Export Permits and Export Controls
Export Controls Handbook
The Export Controls Handbook is designed to be the main reference tool to assist exporters with questions about the administration of Canada's export controls which are administered pursuant to the Export Control List, the Area Control List and the Automatic Firearms Country Control List under the authority of the Export and Import Permits Act.
Information contained in this Handbook includes: how to obtain the necessary permits for the export or transfer of controlled items and how to comply with the requirements of the Export and Import Permits Act and its related regulations.
The Export Controls Handbook does not address requirements for the export of logs.
Some of the information in the Export Controls Handbook was previously included in the Introduction section in A Guide to Canada's Export Controls – June 2010. The Introduction to the Guide has been replaced by the Handbook. The Export Control List has not been changed. The current version of the Export Control List is found in A Guide to Canada's Export Controls – April 2011.
The Handbook contains the following sections:
- Objectives of Export Controls
- How to Use A Guide To Canada's Export Controls (Including the Export Control List)
- Destination and Origin Considerations
- Export Permit Application Process
- Administrative procedures and other issues
- After Issuance of an Export Permit: Compliance with Export Controls
- Customs Procedures (Canada Border Services Agency)
- Applications to Export Firearms, Related Goods, and Ammunition
- Import-Related Documents
- Further Information and Reference
Statistics relating to the export of military goods and technology, including conventional arms and ammunition, can be found in the "Report on Exports of Military Goods from Canada" published by the Department of Foreign Affairs, Trade and Development. These statistics are based on the export of military goods and technology as identified in the Munitions List (Group 2) of Canada’s Export Control List, which reflect commitments made in the multilateral Wassenaar Arrangement on Export Controls for Conventional Arms and Dual-Use Goods and Technologies and commitments made in the Organization of American States, as well as certain additional unilateral controls implemented by Canada. Canada’s export control regime, including the Export Control List, is established and administered under the authority of Canada's Export and Import Permits Act.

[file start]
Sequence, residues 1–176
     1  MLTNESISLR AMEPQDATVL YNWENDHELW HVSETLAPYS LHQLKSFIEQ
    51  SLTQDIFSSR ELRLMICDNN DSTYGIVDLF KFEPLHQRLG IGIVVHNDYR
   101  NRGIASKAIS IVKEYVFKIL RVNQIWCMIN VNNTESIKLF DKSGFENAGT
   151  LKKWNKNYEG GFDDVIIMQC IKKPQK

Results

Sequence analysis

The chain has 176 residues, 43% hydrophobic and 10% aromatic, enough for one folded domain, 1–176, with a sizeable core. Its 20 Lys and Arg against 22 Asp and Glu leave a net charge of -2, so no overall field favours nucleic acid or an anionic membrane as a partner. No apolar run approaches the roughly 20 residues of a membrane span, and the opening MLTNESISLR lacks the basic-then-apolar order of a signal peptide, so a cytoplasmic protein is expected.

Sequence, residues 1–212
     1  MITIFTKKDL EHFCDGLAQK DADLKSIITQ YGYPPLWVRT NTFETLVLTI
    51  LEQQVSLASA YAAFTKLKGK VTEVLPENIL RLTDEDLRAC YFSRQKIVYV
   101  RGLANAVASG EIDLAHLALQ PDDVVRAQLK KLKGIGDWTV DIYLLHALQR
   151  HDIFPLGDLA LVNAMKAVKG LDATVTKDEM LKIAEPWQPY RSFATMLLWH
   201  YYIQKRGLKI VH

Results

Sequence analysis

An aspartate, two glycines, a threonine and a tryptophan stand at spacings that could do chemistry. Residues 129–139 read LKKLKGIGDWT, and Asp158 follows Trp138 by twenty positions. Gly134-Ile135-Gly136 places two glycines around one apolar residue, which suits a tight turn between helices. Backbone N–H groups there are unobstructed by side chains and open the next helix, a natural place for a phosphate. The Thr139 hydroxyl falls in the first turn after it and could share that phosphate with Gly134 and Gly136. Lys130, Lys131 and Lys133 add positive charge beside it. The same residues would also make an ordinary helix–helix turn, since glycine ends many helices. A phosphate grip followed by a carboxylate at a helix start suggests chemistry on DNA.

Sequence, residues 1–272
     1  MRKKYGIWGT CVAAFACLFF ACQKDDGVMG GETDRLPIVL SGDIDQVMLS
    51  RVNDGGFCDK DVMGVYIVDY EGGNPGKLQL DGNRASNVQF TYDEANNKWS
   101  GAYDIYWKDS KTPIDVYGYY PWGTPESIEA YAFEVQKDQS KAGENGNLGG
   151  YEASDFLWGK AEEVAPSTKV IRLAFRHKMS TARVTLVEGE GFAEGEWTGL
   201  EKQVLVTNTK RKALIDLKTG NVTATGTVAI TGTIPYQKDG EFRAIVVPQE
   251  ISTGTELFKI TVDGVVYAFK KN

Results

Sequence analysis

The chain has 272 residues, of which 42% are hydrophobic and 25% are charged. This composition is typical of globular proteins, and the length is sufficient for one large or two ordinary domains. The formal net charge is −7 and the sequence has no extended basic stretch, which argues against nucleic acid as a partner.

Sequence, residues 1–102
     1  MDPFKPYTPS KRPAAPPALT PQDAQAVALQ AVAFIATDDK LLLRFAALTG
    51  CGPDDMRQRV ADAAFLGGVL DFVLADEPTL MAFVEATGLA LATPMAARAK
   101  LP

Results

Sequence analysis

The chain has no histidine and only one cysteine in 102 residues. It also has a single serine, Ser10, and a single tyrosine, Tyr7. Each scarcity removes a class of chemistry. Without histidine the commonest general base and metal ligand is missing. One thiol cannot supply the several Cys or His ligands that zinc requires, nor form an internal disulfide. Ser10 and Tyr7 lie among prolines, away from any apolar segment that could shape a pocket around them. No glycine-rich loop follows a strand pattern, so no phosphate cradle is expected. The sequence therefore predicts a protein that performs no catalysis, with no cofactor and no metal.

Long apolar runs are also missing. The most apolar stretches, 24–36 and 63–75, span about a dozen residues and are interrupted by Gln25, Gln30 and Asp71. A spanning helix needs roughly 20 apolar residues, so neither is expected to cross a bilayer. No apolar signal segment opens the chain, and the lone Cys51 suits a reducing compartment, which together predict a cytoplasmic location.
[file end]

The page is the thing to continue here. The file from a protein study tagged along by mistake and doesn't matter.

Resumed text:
Other statistics regarding the export of arms and ammunitions can be found on other government sites such as Industry Canada's "Trade Data On-Line" and Statistic Canada’s “Canadian Industrial Merchandise Trade Database”. This data is compiled based on categories of items negotiated at the World Customs Organization for the purpose of applying global customs tariff codes. The "Arms and Ammunitions" category of items negotiated via the World Customs Organization does not, in many cases, reflect what many countries would consider conventional arms and ammunition. (For example, goods such as flare guns used in oil and gas drilling, ammunition to frighten birds at airports, etc. may be listed under the “Arms and Ammunition” coding). The Canadian Commercial Corporation also generates their own export data based on contracts between Canadian suppliers and military end-users. Again, these statistics may include items which are not strictly military in nature, such as storage containers.
- Military and Strategic Goods and Technologies
- United States Origin Goods and Technologies & Miscellaneous Exports
Area Control List
- Area Control List
- SER-148 Export Controls to Belarus
- SER-172 Export Controls to the Democratic People's Republic of Korea
Export Controls to Certain Destinations
- Information on applications to export to the following destinations: Belarus, Côte d'Ivoire, Democratic People's Republic of Korea, Democratic Republic of the Congo, Iran, Iraq, Lebanon, Liberia, Pakistan, Rwanda, Sierra Leone, Somalia, Sudan, Zimbabwe
Prohibitions on military exports (see also Canadian Economic Sanctions)
- Please refer to Section D of the Export Controls Handbook
- Pakistan News Release Summary - May 28, 1998
- Guinea News Release - December 18, 2009
- Syria News Release - May 24, 2011
Canadian Economic Sanctions
Multiple destination permits
General Export Permits
- General Export Permit No. 1 - Export of Goods for Special and Personal Use Permit
- General Export Permit No. 3 - Export of Consumable Stores Supplied to Vessels and Aircraft Permit
- General Export Permit No. 5 - Export of Logs Permit
- General Export Permit No. 12 - United States Origin Goods
- General Export Permit No. 18 - Portable Personal Computers and Associated Software
- General Export Permit No. 29 - Eligible Industiral Goods
- General Export Permit No. 30 - Certain Industrial Goods to Eligible Countries and Territories
- General Export Permit No. 37 - Toxic Chemicals and Precursors to the United States
- General Export Permit No. 38 - CWC Toxic Chemical and Precursor Mixtures
- General Export Permit No. 43 - Nuclear Goods and Technology to Certain Destinations
- General Export Permit No. 44 - Nuclear-Related Dual-Use Goods and Technology to Certain Destinations
- General Export Permit No. 45 - Cryptography for the Development or Production of a Product
- General Export Permit No. 46 - Cryptography for the Use by Certain Consignees
Export permits for cryptographic items
If your cryptographic products (including goods or technology containing cryptography) meet the criteria for control described in the Guide to Canada's Export Controls (Category 5 - Part 2 ("Information Security") of Group 1, the Dual-Use List), you should apply for an export permit for any destination other than the United States. There are a number of available types of export permits for these products.
- Date Modified: